PHOENIX — On Friday afternoon, J.D. Martinez stood in the Red Sox clubhouse with Rafael Devers, positioning the 22-year-old’s arms and upper body as if adjusting a mannequin. The conversation, as it often does with Martinez, revolved around a teammate’s mechanics, and how to lock in a swing that would permit Devers to get to a more productive form.
That Martinez was entertaining such a conversation inside of Chase Field seemed appropriate. After all, it was during a three-month tenure with the Diamondbacks that Martinez learned how to become a culture-changing voice.
Though Martinez broke out as a hitter with the Tigers in 2014 following a radical swing overhaul, with Detroit, the outfielder remained deferential. The Tigers were the team of Miguel Cabrera and Victor Martinez. J.D. Martinez did not want to overstep his role.
But after the Diamondbacks traded for him in mid-July of 2017, first baseman Paul Goldschmidt let Martinez know that his feedback — whether on technical aspects of his teammates’ swings or on gameplanning for opposing pitchers — could be game-changing. Martinez discovered a role that he loved.
“When I came [to Arizona], I was relatively quiet. I came from a veteran clubhouse. I was a lot more to myself, quiet, really didn’t speak out,” said Martinez. “Goldy did a really good job of kind of opening me up, kind of showing me the next step of growing and becoming a leader, taking responsibility in the clubhouse, sharing your thoughts and ideas because they might help someone. He really pushed me to open up. I think it really helped me.”
It certainly helped the Diamondbacks. Martinez was a monster in the middle of the Arizona lineup down the stretch, hitting .302/.366/.741 with a mind-blowing 29 homers in 62 games after the trade. Yet his impact was felt beyond that.
“He transformed our clubhouse and our culture that season,” said Arizona assistant GM Jared Porter.
Martinez loved his time with the Diamondbacks, helping Arizona win a wild-card game before getting knocked out of the playoffs by the Dodgers. He would have loved to return, but the Diamondbacks didn’t have the resources to make a run at keeping him.
“I loved it. I really did want to come back. It was something I told my agent that I was definitely up for,” said Martinez. “Obviously, it’s a business. Things don’t work out. I found a home in Boston and I couldn’t be happier.”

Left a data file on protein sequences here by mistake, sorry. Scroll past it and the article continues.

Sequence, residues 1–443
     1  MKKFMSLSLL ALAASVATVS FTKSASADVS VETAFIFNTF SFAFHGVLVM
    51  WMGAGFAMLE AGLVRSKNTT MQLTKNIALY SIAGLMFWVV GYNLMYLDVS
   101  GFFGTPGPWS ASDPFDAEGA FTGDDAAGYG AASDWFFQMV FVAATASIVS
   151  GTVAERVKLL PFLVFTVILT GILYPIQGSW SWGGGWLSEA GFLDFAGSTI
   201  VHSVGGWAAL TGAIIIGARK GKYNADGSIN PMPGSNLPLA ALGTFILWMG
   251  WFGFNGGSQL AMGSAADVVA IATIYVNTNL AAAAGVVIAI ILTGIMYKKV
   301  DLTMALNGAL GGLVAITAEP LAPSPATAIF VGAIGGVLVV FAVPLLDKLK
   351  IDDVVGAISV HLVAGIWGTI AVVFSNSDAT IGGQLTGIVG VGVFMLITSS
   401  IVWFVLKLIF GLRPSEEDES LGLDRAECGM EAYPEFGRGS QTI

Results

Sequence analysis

The Red Sox are likewise thrilled that they were able to add Martinez to their mix on a five-year, $110 million deal after his brief run with Arizona, with the team benefiting considerably from both his game-changing offensive abilities and his newfound presence as a leader.
“He’s the one in the cage, in the hitting room, in the meetings, he’s always talking about his gameplan, talking about the opposition,” said Red Sox manager Alex Cora. “He loves it. That’s why he’s become the leader of this team.”
Reunion in the desert
A massive reunion of former and current Red Sox took place on the field during batting practice. Among the Diamondbacks coaches, players, and personnel to check in with their former club were: manager Torey Lovullo (the Red Sox bench coach under John Farrell from 2013-16), GM Mike Hazen (formerly the Red Sox GM), Porter (formerly the Red Sox director of pro scouting), assistant GM Amiel Sawdaye (a VP of international and amateur scouting with the Sox), assistant hitting coach Eric Hinske (a Sox first baseman and outfielder), mental skills coach Daniel Bard (a former Sox pitcher), and special assistant to the GM Burke Badenhop (who pitched for the Sox in 2014).
Pedroia making strides
In the second game of his rehab assignment for Single A Greenville, second baseman Dustin Pedroia went 1 for 2 before being replaced at second base in the top of the sixth inning. It marked the first time that Pedroia had played in back-to-back games since his three-game big league stint last May.
Pedroia is now 3 for 5 with a walk in two games with Greenville. He’s scheduled to take Saturday off, and then play another full game on Sunday, after which the team will reassess his status. If everything goes well in his ongoing buildup toward the season, it’s possible that Pedroia could be activated from the injured list for the Red Sox’s home opener on Tuesday.
Johnson likely for Sunday
Before Friday’s game, Cora announced that lefthander Brian Johnson was likely to get the start on Sunday, but that plan appeared to be scrapped when Johnson entered the game in relief of Porcello in the fifth inning. Johnson got lit up for seven runs in 1⅓ innings. Cora identified Hector Velazquez as the other rotation option for Sunday . . . With the Red Sox playing in a National League park, Jackie Bradley Jr. had the day off Friday while Martinez patrolled rightfield. Martinez will have Saturday off, and Mookie Betts will rest on Sunday.